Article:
Bill of Rights

Bill of Rights (1988)

The 200th Anniversary of the Bill of Rights

Women’s League for Conservative Judaism, on the occasion of the 200th Anniversary of the Bill of Rights of the Constitution of the United States of America, acknowledges the significant contribution that this historic document has made upon the world. It has served as a beacon for people who yearn to live in a democratic society and has been the model for countless other such legal systems. The fact that our founding fathers were able to draft a Bill of Rights that continues to be the safeguard for individual freedom is testimony to their foresight. The words of these first Ten Amendments to the Constitution represent the principal pillars of liberty on which our nation is built, and upon which we continue to flourish as the longest continuing democracy in the world:

THE BILL OF RIGHTS

Passed by Congress, September 25, 1789;

Ratified by the States, December 15, 1791

First Amendment

Congress shall make no law respecting an establishment of religion, or prohibiting the free exercise thereof; or abridging the freedom of speech, or of the press; or the right of the people peaceably to assemble, and to petition the Government for a redress of grievances.

Second Amendment

A well-regulated Militia being necessary to the security of a free State, the right of the people to keep and bear Arms shall not be infringed.

Third Amendment

No Soldier shall, in time of peace, be quartered in any house, without the consent of the Owner, nor in time of war but in a manner to be prescribed by law.

Fourth Amendment

The right of the people to be secure in their persons, houses, papers, and effects, against unreasonable searches and seizures, shall not be violated, and no Warrants shall issue but upon probable cause, supported by Oath or affirmation, and particularly describing the place to be searched, and the persons or things to be seized.

Fifth Amendment

No person shall be held to answer for a capital or otherwise infamous crime, unless on a presentment or indictment of a Grand Jury, except in cases arising in the land or naval forces, or in the Militia, when in actual service in time of War or public danger; nor shall any person be subject for the same offense to be twice put in jeopardy of life or limb; nor shall be compelled in any criminal case to be a witness against himself, nor be deprived of life, liberty or property, without due process of law; nor shall private property be taken for public use, without just compensation.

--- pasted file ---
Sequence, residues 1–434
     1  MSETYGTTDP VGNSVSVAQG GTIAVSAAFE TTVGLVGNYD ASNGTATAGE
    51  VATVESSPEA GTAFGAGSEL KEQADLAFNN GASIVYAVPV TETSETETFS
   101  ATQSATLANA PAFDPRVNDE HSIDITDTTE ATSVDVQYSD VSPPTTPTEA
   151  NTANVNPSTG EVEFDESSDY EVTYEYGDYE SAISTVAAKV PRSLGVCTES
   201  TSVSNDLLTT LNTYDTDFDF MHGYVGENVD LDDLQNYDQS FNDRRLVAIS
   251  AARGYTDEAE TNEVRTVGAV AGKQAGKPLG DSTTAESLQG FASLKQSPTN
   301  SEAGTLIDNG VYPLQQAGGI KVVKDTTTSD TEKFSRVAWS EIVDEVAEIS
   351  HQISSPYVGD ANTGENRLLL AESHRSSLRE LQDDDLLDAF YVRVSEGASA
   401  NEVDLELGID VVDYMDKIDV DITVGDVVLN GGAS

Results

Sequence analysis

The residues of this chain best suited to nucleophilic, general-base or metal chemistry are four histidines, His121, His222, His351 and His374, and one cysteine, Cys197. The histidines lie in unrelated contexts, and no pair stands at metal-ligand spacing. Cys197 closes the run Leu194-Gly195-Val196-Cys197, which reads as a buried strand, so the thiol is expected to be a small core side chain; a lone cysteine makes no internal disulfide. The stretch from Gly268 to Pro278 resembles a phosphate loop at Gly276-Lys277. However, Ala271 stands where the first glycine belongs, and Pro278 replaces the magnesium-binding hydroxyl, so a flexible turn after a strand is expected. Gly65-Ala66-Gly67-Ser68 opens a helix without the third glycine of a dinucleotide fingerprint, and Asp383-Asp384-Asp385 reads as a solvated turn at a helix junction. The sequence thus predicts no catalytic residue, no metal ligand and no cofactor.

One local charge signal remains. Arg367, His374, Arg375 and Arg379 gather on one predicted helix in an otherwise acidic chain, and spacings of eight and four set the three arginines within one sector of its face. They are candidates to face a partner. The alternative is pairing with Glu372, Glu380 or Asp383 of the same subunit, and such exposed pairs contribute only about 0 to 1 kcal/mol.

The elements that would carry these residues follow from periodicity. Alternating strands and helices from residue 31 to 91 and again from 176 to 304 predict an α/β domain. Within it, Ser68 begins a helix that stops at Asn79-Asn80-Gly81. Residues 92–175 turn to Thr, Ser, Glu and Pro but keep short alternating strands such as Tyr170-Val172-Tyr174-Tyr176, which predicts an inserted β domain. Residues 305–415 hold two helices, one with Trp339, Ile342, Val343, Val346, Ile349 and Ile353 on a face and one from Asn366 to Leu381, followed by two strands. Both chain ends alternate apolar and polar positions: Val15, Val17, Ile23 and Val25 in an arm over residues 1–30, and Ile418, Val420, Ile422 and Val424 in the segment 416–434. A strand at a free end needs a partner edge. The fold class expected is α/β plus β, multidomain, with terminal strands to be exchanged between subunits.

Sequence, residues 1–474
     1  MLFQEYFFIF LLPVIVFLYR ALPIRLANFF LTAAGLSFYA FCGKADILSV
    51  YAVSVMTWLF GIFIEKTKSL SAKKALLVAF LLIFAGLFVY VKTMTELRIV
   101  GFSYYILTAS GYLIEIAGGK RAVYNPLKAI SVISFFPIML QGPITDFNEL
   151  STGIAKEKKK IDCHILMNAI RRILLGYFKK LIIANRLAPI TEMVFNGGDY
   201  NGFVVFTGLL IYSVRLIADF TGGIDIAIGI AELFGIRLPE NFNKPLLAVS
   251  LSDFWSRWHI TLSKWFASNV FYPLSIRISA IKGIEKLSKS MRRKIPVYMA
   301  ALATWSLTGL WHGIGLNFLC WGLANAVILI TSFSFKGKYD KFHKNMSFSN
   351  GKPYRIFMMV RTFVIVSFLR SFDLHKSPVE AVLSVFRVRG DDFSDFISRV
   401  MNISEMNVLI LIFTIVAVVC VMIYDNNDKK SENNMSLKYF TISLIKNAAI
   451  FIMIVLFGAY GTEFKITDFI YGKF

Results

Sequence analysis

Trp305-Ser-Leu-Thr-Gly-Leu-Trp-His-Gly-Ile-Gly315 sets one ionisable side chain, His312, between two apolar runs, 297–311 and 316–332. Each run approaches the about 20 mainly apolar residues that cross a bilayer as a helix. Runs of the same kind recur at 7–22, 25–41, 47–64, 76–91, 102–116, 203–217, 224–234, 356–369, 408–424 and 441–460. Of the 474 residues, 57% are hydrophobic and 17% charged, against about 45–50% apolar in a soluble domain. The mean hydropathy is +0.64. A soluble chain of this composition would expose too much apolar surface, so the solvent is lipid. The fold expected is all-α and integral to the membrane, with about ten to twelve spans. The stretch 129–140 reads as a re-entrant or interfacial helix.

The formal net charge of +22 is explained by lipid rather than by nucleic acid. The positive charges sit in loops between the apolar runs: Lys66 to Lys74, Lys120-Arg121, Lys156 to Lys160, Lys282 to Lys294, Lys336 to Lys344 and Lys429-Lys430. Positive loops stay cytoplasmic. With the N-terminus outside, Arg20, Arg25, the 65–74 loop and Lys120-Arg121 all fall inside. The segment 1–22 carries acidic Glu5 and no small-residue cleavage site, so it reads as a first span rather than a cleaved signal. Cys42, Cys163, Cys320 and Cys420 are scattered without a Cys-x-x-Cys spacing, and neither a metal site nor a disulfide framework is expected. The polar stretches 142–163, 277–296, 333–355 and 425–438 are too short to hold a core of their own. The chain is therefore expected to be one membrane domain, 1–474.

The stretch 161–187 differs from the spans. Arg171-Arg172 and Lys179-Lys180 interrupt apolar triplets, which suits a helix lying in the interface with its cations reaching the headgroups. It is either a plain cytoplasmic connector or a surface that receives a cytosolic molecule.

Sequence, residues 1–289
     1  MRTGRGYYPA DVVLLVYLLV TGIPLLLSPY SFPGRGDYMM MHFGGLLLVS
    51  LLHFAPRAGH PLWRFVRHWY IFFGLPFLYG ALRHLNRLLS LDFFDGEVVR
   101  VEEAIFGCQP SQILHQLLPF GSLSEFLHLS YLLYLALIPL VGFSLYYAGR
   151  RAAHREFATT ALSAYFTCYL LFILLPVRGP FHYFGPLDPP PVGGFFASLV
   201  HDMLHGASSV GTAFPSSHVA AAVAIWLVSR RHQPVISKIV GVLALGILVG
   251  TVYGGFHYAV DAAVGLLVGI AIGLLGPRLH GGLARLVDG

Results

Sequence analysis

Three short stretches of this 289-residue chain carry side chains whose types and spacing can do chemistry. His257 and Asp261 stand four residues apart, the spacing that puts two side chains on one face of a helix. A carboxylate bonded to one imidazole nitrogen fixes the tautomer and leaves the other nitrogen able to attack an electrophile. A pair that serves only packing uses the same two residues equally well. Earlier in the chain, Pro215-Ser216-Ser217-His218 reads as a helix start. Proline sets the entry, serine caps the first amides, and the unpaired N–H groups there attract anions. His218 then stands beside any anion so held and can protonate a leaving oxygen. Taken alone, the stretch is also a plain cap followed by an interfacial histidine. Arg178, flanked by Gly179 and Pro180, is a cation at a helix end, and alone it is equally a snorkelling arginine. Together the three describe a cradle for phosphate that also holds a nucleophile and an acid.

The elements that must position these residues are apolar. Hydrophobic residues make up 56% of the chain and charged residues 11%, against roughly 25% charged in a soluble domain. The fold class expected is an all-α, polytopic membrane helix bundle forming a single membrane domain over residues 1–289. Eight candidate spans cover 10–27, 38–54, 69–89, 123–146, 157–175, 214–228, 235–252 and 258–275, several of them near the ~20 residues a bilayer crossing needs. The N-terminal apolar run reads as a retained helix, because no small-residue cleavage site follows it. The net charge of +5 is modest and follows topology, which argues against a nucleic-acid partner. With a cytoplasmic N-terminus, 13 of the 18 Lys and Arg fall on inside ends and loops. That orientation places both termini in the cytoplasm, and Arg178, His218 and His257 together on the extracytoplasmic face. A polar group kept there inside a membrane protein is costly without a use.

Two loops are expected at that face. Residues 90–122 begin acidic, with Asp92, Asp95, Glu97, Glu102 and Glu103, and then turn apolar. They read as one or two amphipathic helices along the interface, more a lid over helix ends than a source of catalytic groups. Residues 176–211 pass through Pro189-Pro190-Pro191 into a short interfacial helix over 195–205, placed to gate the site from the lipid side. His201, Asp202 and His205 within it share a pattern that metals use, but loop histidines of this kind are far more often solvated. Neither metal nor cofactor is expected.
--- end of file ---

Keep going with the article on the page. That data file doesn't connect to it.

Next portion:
Sixth Amendment

In all criminal prosecutions, the accused shall enjoy the right to a speedy and public trial, by an impartial jury of the State and district wherein the crime shall have been committed, which district shall have been previously ascertained by law, and to be informed of the nature and cause of the accusation; to be confronted with the witnesses against him; to have compulsory process for obtaining witnesses in his favor; and to have the Assistance of counsel for his defense.

Seventh Amendment

In suite at common law, where the value in controversy shall exceed twenty dollars, the right of trial by jury shall be preserved, and no fact tried by a jury shall be otherwise reexamined in any Court of the United States than according to the rules of the common law.

Eight Amendment

Excessive bail shall not be required, nor excessive fines imposed, nor cruel and unusual punishments inflicted.

Ninth Amendment

The enumeration in the Constitution of certain rights shall not be construed to deny or disparage others retained by the people.

Tenth Amendment

The powers not delegated to the United States by the Constitution, nor prohibited by it to the States, are reserved to the States respectively, or to the people.

Women’s League for Conservative Judaism reminds its members that liberty requires eternal vigilance so that the United States may continue to serve as a role model in the pursuit of justice and the upholding of human rights.